The European Vacuum Conference convenes every three years in Europe to discuss the latest developments in vacuum science and technologies. The 16th edition of the European Vacuum Conference (EVC-16) was recently held in Marseille — and the event ran from the 22nd to the 26th of November. The conference was jointly organised by the French Vacuum Society (SFV) and Aix Marseille University (AMU) and A3TS, with the endorsement of ITER.
This year’s programme included parallel sessions on various subjects, including Surface Science, Thin Film, Plasma Science and Technology, Vacuum Science and Technology, Nanometre Structures & Nanotechnology, Electronic Materials & Processing, Biointerfaces, Applied Surface Science, and Surface Engineering.
Experts from the International Thermonuclear Experimental Reactor (ITER) provided special lectures on energy, plasma and materials and on “building the world’s largest complex vacuum system.” A day was also devoted to visiting the 180-hectare ITER site which lies close to 80 km north of Marseille. In fact, ITER was a huge focus this year and a session was held to unpack how the ITER project was unfolding. Several papers and posters were devoted to exploring the ITER project.
In addition to the oral presentations, a significant number of poster presentations were made and a trades fair exhibition was held which attracted most of the major vacuum technologies and materials treatment manufacturers.
Some of the vacuum science and technology highlights included a paper presented by B Jenninger and A Stoltzel of CERN. Their presentation discussed comparative measurements of a range of ionisation gauges with the potential to use in XHV @ 10-13 mbar and was titled — ‘Comparison of ionisation vacuum gauges close to their pressure limits and design ideas for high sensitivity vacuum gauges for XHV.’ In their research, electrostatic trapping of electrons was shown to significantly increase the gauge sensitivity and hence collector current in the XHV range. A CERN improved Helmer gauge was quoted as having an X-ray limit of 10-15 mbar.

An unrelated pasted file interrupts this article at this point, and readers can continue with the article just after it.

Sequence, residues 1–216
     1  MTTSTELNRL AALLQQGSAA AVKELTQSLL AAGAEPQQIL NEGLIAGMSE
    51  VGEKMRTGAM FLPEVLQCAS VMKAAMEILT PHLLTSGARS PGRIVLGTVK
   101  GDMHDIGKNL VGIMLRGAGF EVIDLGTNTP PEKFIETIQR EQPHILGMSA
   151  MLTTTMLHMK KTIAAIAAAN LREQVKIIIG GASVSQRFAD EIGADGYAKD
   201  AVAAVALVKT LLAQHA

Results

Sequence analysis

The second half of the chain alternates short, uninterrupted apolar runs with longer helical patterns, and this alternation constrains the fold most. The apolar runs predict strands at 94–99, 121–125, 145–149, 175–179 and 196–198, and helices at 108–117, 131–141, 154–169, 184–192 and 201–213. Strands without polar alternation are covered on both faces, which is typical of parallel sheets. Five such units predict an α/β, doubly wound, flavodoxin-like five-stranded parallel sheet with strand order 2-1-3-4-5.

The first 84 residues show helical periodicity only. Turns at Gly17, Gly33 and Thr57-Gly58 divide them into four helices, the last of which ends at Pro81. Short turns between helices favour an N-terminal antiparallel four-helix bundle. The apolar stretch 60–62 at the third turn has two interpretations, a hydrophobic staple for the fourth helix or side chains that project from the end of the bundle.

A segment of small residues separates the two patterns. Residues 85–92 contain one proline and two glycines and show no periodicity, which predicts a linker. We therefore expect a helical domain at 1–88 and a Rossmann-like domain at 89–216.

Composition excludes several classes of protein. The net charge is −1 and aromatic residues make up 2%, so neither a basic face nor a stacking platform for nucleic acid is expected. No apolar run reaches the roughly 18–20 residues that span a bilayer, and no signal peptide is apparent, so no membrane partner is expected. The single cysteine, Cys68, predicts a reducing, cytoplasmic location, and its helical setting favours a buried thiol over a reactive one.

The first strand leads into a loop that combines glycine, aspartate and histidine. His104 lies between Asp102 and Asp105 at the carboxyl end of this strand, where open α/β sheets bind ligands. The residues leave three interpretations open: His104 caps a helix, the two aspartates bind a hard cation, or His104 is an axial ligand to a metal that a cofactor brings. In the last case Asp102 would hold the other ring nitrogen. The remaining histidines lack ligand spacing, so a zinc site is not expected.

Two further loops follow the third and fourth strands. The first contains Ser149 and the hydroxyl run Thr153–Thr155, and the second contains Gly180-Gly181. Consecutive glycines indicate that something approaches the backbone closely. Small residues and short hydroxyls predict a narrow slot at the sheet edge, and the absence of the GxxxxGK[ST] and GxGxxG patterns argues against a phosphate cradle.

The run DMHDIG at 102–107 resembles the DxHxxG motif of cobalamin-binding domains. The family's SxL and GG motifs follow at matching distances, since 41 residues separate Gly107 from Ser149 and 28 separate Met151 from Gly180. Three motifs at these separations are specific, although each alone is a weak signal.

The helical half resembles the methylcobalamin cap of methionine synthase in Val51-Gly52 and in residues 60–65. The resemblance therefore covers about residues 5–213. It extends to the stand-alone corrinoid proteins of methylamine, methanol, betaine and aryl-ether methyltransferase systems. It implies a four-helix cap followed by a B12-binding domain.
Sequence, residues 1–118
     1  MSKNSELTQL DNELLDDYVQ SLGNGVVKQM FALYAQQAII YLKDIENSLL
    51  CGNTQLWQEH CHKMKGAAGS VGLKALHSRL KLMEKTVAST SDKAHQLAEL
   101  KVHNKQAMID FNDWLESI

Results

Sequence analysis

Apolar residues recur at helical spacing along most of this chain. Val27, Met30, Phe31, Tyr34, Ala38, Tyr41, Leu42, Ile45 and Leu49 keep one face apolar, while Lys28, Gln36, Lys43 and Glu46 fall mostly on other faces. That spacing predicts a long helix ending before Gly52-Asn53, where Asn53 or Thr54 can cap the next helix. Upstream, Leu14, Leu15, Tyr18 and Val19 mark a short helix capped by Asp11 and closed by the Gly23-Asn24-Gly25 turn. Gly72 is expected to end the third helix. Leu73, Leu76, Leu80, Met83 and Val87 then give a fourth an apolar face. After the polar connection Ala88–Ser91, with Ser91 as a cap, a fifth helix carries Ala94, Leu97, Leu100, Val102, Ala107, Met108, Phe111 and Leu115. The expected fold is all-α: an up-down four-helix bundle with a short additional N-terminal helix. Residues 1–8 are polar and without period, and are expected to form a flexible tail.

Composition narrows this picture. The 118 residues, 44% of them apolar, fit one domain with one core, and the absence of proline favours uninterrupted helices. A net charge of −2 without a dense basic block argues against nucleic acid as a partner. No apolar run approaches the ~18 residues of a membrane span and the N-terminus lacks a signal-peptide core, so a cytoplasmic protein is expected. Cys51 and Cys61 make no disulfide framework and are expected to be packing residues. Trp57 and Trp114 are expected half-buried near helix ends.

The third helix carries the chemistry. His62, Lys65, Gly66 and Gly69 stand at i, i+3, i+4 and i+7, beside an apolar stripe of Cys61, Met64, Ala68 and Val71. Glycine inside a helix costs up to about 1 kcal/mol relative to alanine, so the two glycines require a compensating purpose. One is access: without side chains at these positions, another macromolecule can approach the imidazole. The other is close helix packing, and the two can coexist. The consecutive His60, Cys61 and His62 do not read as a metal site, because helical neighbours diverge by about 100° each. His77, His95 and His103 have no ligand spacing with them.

Work on the development of a novel ionisation gauge suitable as a reference standard was presented by a consortium. As such, two gauges were made to PTB’s design; one by VACOM and one by INFICON. The results of measurements at several calibration laboratories showed a ~ 1% level of reproducibility. Quoting from the presentation, “The gauge is suitable as a reference standard and to be standardised on the ISO level but also attractive for industrial applications because a gauge exchange does not require calibration or readjustment of a process.”
Other design highlights include the time of flight (TOF) RGA designs that were presented by Vacom (Novion) and Spacetek Technology AG. Work in progress in NEGs was discussed by researchers from the UK-based STFC in a presentation entitled: ‘A progress in development of non-evaporable getter coatings in UK’. The UHV characterisation of NEG films was discussed by representatives from CNRS/Paris-Saclay Univ (France) in a poster presentation entitled ‘Design and construction of an ultra-high vacuum set up for the characterisation of getter films deposited on wafers’.
The next EVC conference, EVC-17, is due to take place in 2024. And if it’s anything like EVC-16, then we can look forward to more high-caliber conversations facilitated by leaders in vacuum science and technology.